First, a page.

NY Times Gets Blunt: Climate Action Requires “Fundamental Remaking of … The Sinews of Modern Life”

John Broder had this remarkable sentence in his Sunday New York Times dispatch from Durban:

Effectively addressing climate change will require over the coming decades a fundamental remaking of energy production, transportation and agriculture around the world — the sinews of modern life.

This is uncharacteristically blunt for the Times.  It reflects a worldview that is generally not reflected in their overall coverage, as I discussed in “The New York Times Abandons the Story of the Century and Joins the Energy and Climate Ignorati.”

Broder’s point is that the UN process is simply not up to the task of addressing the climate problem:

It is simply too big a job for those who have gathered for these talks under the 1992 United Nations treaty that began this grinding process.

“There is a fundamental disconnect in having environment ministers negotiating geopolitics and macroeconomics,” said Nick Robins, an energy and climate change analyst at HSBC, the London-based global bank.

Unfortunately, most economics ministers are pretty clueless about the subject.  That said, I’ve never been a big fan of the current process, which requires near-unanimous consent by nearly 200 countries.

What’s most blocking action, from my perspective, isn’t the process so much as the failure of the media and policymakers here and around the globe to realize that failing to address climate change will lead to an even bigger remaking of what’s left of modern life in a world of 10°F warming (see An Illustrated Guide to the Science of Global Warming Impacts: How We Know Inaction Is the Gravest Threat Humanity Faces“).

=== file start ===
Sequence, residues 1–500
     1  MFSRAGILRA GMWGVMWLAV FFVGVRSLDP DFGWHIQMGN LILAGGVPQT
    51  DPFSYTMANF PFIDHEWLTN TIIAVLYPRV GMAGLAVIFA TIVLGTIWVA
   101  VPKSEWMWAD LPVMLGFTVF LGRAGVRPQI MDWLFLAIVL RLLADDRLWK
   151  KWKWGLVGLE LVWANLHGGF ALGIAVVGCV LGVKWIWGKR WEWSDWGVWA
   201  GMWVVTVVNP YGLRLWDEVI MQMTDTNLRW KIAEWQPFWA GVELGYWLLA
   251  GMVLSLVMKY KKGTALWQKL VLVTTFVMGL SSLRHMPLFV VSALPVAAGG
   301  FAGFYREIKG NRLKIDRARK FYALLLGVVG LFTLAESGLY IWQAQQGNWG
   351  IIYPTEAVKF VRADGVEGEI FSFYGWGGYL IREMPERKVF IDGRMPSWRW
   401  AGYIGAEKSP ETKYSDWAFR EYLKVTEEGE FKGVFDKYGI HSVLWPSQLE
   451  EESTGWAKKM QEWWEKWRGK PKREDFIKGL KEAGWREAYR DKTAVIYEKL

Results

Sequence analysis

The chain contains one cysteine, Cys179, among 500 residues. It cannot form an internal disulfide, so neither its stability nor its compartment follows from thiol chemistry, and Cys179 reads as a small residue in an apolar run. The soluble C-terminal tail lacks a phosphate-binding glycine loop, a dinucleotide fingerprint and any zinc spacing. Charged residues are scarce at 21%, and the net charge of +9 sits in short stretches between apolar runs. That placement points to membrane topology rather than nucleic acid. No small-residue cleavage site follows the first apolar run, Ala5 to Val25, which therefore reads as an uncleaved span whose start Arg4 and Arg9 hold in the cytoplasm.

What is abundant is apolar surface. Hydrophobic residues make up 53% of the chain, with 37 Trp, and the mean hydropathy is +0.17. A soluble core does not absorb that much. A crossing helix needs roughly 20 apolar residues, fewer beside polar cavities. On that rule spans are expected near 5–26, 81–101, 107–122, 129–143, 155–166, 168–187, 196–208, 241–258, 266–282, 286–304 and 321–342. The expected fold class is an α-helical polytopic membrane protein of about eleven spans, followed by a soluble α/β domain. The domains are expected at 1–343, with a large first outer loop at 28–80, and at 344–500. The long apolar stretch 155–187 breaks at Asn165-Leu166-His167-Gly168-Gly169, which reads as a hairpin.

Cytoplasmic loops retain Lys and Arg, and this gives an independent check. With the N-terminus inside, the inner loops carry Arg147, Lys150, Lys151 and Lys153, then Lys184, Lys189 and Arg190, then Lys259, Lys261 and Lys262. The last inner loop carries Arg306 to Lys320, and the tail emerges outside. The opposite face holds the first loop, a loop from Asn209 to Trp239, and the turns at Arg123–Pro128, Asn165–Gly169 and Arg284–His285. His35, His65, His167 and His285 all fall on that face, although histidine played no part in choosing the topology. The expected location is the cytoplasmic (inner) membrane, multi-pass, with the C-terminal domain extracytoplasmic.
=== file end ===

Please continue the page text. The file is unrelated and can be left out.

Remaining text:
Inaction will create the almost impossible task of feeding 9+ billion in “the face of a rapidly worsening climate.”  And avoiding mass starvation and general chaos  will certainly require a fundamental remaking of the world.  The NYT‘s science reporter Justin Gillis gets this, as you see in articles like “Food Supply Under Strain on a Warming Planet” and “Global Warming Hinders Crop Yields, Study Finds.”

We cannot escape fundamentally remaking the sinews of modern life over the coming decades — in a sustainable way if we act on climate and in a catastrophic way if we don’t.  Now is the time for major media outlets like the New York Times to remake their coverage to inform the public of this far more clearly and unambiguously.

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24 Responses to NY Times Gets Blunt: Climate Action Requires “Fundamental Remaking of … The Sinews of Modern Life”

  1. DRT says:

    It takes a carbon tax… to fundamentally remake the sinews of modern life.

    A Fee and Dividend program, including a fee on the direct and indirect carbon content of all imported goods and services will kick start the remaking.

  2. “Fundamental remaking of the sinews of modern life” sounds a lot like “system change” which has long been the mantra of the climate justice movement, which has closed out Durban with a news release proclaiming “COP17 succumbs to climate apartheid”.

  3. Mike Roddy says:

    It’s true that environmental ministers are not qualified to design the details of the new “sinews” of modern life. Where Broder gets into trouble is in quoting bankster Robins in asserting that macroeconomic specialists and geopolitical analysts should be in charge.

    That’s another way of saying that groups that have proved to be dysfunctional and corrupt- utility companies, politicians, and, yes, banks- need to remain in control of all key decisions. Business as usual, in other words, something the Times never strays very far from.

    The necessary decision is to abandon coal and other fossil fuels as soon as possible, through aggressive actions and tough decisions. Existing groups are either too invested or too unimaginative to effect the changes we so desperately need.